How does it not make sense to link the our TransBay transportation terminal and downtown to conventional rail? That seems to make more sense than fraudulent BART to San Jose

          8. Ah, “the trains are jammed” and yet the ridership numbers are pathetic. I’ll repeat a hint: Phenomenal under utilization of a dedicated public ROW in a well populated area.

            Caltrain publishes their ridership by train and station (namelink). From their own stats, Caltrain achieves fewer than 300 riders/train on average when their trains transit a station on a weekday. Even at the busiest station, 4th St in SF, most of the trains arrive with fewer than 300 passengers. The “jamming” is all jammed into a few trains. Only 6 of the many weekday trains that arrive at the SF terminal average 700 or more passengers, per official 2016 Caltrain stats.

          9. Of course I’ve Caltrained. I’ve lived within walking distance of the 4th St station since the good old days when there was an RV park across the street. In the time it takes me to walk there, onboard, and then wait until the train accelerates out of the turn under 280; I could self-drive my over-privileged self to the San Mateo County line on 101, to SFO on a speedy day. No way is Caltrain “faster” door-to-door, unless your trip endpoints are both very close to their stations and/or the roads are bollixed, which is why better than 9 out of 10 SFers pick automotive over rail transport along the narrow corridor Caltrain serves. And in the wilds of SM and SC counties it must be more like 99 out of 100. Antiquated, nearly obsolete relic. If only someone would fund/create a “better mass transit service” that actually achieves at least BARTian effectiveness.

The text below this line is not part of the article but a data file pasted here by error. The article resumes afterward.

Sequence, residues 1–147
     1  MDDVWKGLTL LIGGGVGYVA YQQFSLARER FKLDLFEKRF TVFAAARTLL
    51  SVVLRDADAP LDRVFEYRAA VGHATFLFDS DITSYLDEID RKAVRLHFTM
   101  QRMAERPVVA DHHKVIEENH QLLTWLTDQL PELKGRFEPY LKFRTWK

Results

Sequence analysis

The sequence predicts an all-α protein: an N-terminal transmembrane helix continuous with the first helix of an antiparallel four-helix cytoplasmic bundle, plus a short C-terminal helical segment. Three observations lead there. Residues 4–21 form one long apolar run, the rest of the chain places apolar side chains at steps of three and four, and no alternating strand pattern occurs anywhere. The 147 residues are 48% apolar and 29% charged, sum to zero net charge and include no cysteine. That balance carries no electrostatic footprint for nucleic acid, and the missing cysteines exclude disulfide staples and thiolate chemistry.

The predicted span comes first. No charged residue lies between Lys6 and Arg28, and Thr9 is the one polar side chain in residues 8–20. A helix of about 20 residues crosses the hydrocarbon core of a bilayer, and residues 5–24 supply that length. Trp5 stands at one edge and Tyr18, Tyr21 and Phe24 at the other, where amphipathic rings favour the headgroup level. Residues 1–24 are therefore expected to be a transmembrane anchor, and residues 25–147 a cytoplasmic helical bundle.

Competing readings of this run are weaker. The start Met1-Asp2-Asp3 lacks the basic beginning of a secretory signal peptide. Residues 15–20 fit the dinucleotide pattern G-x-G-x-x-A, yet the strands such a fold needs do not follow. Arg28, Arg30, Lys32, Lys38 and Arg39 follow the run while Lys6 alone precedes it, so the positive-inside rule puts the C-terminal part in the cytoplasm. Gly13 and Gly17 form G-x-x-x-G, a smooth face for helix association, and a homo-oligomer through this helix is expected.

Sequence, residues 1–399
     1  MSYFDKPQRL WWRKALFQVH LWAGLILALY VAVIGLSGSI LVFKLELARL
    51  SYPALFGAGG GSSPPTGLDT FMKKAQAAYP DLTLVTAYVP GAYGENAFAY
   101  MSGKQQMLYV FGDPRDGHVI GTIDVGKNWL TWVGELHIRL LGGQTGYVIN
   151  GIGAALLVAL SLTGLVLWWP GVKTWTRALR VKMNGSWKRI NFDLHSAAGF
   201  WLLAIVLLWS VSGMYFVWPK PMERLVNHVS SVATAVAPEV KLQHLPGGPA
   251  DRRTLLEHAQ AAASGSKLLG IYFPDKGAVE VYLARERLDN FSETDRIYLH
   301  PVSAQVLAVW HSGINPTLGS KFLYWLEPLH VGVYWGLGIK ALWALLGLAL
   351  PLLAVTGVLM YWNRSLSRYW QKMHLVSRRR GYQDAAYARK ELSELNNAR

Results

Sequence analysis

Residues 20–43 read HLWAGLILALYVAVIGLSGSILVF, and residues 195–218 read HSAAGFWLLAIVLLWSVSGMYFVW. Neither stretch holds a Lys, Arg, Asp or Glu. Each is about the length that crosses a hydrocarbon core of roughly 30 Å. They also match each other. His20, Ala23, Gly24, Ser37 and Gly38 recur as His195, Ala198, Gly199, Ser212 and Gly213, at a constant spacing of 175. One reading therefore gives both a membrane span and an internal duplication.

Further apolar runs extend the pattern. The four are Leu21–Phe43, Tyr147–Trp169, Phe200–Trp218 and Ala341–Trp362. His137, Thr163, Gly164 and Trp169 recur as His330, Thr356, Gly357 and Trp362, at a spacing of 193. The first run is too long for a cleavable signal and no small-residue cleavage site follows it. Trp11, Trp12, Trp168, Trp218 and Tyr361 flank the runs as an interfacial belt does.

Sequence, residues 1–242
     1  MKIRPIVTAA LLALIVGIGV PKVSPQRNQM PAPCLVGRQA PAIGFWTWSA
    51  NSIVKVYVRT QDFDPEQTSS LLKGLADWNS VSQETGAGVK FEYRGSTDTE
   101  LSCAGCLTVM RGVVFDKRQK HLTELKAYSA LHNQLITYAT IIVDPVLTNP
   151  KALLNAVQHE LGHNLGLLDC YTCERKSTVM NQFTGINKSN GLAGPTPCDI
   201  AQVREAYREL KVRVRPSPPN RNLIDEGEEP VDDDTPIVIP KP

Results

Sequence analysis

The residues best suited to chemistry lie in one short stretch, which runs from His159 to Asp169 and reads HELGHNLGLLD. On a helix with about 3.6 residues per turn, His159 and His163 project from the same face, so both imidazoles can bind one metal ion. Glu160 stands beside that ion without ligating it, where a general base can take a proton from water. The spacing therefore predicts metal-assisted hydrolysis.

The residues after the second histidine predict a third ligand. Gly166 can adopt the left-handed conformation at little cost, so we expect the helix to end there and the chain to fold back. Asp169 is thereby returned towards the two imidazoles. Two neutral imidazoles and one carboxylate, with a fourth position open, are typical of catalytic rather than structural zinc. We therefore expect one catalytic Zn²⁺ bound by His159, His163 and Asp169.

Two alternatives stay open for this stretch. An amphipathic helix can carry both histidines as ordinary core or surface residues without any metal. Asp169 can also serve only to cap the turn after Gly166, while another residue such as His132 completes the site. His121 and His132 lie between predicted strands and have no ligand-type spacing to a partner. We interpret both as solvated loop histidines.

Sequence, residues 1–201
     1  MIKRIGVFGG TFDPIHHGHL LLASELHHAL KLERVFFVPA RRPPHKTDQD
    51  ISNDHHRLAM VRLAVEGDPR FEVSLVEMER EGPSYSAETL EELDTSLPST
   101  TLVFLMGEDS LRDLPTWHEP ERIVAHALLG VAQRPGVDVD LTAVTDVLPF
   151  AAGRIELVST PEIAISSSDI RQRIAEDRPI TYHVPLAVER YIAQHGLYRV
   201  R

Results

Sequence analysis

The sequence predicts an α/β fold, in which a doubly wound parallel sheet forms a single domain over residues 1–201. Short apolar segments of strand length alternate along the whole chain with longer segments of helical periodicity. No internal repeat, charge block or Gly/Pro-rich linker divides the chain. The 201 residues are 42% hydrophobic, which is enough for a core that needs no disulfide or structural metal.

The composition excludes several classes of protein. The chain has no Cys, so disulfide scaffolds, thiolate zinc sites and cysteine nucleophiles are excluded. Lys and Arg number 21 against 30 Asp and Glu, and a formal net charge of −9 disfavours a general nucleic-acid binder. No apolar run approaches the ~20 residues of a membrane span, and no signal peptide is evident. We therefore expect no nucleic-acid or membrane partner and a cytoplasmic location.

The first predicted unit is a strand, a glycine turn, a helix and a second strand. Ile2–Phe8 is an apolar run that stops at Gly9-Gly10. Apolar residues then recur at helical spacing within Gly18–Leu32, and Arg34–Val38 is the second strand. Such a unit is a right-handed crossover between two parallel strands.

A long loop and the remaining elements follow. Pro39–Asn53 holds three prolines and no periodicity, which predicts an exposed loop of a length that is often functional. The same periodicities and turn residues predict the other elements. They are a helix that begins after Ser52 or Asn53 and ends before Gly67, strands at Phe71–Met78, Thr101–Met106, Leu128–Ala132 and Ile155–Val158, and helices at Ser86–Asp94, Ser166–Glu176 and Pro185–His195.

By contrast, a single bus lane can deliver 10,000 passengers per hour. That’s how the Bay Bridgers justify the contraflow lane proposed for bringing in more of those Oakland gentrifiers to slave in the office sweatshops of SF. People on SS complain that SF is building a billion dollar or whatever bus station, well on a price performance basis that’s cheaper than Caltrain.

          10. Jake, you can drive from your house to downtown Palo Alto in 45 minutes during rush hour? To downtown Mountain View in 50 minutes?

            I sure couldn’t. What route do you use?

            Caltrain is in fact jammed in rush hour and electrification would allow more trains then.

          11. You’re complaining that it’s obsolete and simultaneously complaining about the solution that will make it no longer obsolete.

          12. SFRealist, sure I’ve driven many times to the googleplex/nasaAmes/pagemillrd area in 45-50 min. That quick would usually require traveling at the beginning of the many-hour long AM commute fest, before the expected 92 and 84 clottings on 101; 280 has less variation.

            People that want to minimize congestion risk adjust their work hours. For me that would mean leaving SF southbeach before 7AM or after 9AM. 20 years ago that would have been leaving as late as 7:30 AM. That’s why the Bay Area “rush hour” is about an hour wider than 20 years ago. Progress, of a kind.